The best thing the film has going for it is Christian Bale’s performance. If you’ve been keeping track with Christian Bale’s career, then you know the man is a freaking chameleon. He can transform from one role to the next like no other actor can, and personally, I think it’s about time the guy won an Oscar. Ever seen how thin he got for his role in Brad Anderson’s The Machinist (2004)? The guy was playing a sleep deprived individual, and to best portray this character he lost 63 pounds! Then he buffed up for Batman Beings (2005) and looked better then ever. He did the weight loss thing again when he played a U.S. fighter pilot who gets shot down and tries to survive in the jungles of Lao during the Vietnam war in Werner Herzog’s Rescue Dawn (2006). On The Fighter he went through the weight loss thing yet again to portray a crack addict. Gotta hand it to Bale, the weight loss thing really gets the trick done. But its not just about how thin he looks, his performance is really what sells the character to us. He really talks and acts like a crack addict! His character is responsible for some of the more funny moments in the film as well. As I write this, Oscar Night 2011 hasn’t happened yet, but Bale is nominated in the Best Supporting Actor category, and if you ask me, I believe he deserves that Oscar.


He isn’t the only one winning awards for his performance on this film. Melissa Leo who plays Micky and Dicky’s mother, won a Golden Globe, A Screen Actors Guild Award and a Broadcast Film Critics award. And Bale won all those awards right there with her. Both are nominated again for The Oscars. Mark Wahlberg hasn’t won any awards, and he wasn’t nominated for an Oscar, even though he is the central character of the film. I agree with that though. The real stars of the show are Bale and Leo, they offer up the strongest performances. Its not that Wahlberg did a terrible job, it’s just that Bale and Leo outshine him performance wise that’s all. So we got a film filled with great performances, backed up by the fact that it’s all based on real life events. Director David O. Russell (I Heart Hucakbees and Three Kings) choreographed all the fights according to the footage that was caught by the cameras of HBO sports when they really happened. He even filmed the fighting sequences with the same cameras the HBO crew used back in those days; it gives the fighting sequences that look that television used to have before the High Definition days. Makes it all the more genuine.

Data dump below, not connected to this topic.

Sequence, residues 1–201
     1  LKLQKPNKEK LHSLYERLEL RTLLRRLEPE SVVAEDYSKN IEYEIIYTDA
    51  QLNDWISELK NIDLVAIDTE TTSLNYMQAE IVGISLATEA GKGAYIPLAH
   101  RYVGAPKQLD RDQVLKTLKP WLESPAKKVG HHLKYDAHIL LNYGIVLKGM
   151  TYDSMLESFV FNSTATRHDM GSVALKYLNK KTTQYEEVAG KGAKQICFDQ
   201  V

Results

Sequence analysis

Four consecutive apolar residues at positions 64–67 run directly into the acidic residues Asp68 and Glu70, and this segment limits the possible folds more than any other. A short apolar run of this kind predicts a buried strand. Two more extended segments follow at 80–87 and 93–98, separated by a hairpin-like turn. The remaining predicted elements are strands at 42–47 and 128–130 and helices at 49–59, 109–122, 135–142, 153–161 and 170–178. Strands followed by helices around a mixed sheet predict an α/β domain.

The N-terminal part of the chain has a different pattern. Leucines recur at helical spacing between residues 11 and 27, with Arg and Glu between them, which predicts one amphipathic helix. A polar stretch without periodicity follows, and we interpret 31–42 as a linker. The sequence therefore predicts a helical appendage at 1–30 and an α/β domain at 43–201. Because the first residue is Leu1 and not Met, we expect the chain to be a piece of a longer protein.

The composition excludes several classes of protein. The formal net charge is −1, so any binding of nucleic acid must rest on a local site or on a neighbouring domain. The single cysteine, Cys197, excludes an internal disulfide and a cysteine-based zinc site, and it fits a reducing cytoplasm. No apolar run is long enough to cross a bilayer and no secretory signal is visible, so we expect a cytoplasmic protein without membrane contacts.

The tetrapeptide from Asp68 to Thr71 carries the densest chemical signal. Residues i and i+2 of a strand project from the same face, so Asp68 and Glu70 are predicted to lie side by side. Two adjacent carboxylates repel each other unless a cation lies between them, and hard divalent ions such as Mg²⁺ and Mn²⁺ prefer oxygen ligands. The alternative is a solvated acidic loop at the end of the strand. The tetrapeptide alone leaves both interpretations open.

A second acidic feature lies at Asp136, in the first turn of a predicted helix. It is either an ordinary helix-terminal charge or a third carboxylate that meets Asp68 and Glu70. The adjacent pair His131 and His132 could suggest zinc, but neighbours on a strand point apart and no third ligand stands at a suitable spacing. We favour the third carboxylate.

Rating: 4 out of 5



The FighterThe Fighter (Blu-ray/DVD Combo + Digital Copy)The Boxer (Collector's Edition)Raging Bull (Single Disc Edition)Raging Bull (Two-Disc 30th Anniversary Blu-ray/DVD Combo)Million Dollar Baby (Two-Disc Widescreen Edition)GirlfightGladiatorThe Hurricane [HD DVD]Cinderella Man [HD DVD]

4 comments:

Neil Fulwood said...

This one's on my "must see" list. Bale's been on a roll for the better part of a decade, Wahlberg's acquitting himself more and more convincingly as an actor and it'll be interesting to see how Russell handles the material after the self-indulgence (albeit entertaining) of 'I Heart Huckabees'.

The Film Connoisseur said...

A lot of people dont seem to like Huckabees, and I get why. I mean, its bleak at times, specially with Wahlberg and Schwartzman, but I personally find the film hilarious. Hoffman and Tomlin are crack me up all the time!

Agree about Bale man, the guy has been doing solid work non stop film after film, its about time he was recognized, I've no doubt he will win come Oscar night.

As for Russell's direction, its nothing flashy or overtly stylish, he seems merely content with telling the story and getting the best performances he can from his actors, which is great for this kind of film. He uses a lot of hand held on this one.

Matty V. said...

Per the usual, great review!

This film pleasantly surprised me. I was skeptically expecting an overtly cliched boxing story, but Russell gave us something entirely more distinctive. He carefully treaded the lines of a hackneyed, Rise Above Your Insurmountable Plight Sports Story by juxtaposing a riveting family drama. The coalescence of these disparate elements lead to a profoundly watchable film. Russell earned my respect with Three Kings, lost it with I Heart Huckabees, and emphatically regained it with The Fighter.

Also, Christian Bale's performance was electric. He is a proverbial lock for the Best Supporting Actor Oscar.

http://www.filmmatty.blogspot.com

The Film Connoisseur said...

Yeah, the family drama is what matters the most in this film. I especially enjoyed his struggle, between becoming his own person, and remaining faithful and connected with his family.

The funniest parts for me involved Bale's character doing the impossible so his mom wouldnt catch him using crack, like jumping out windows for example. Hee-la-rious!

Thanks for commenting Matty V.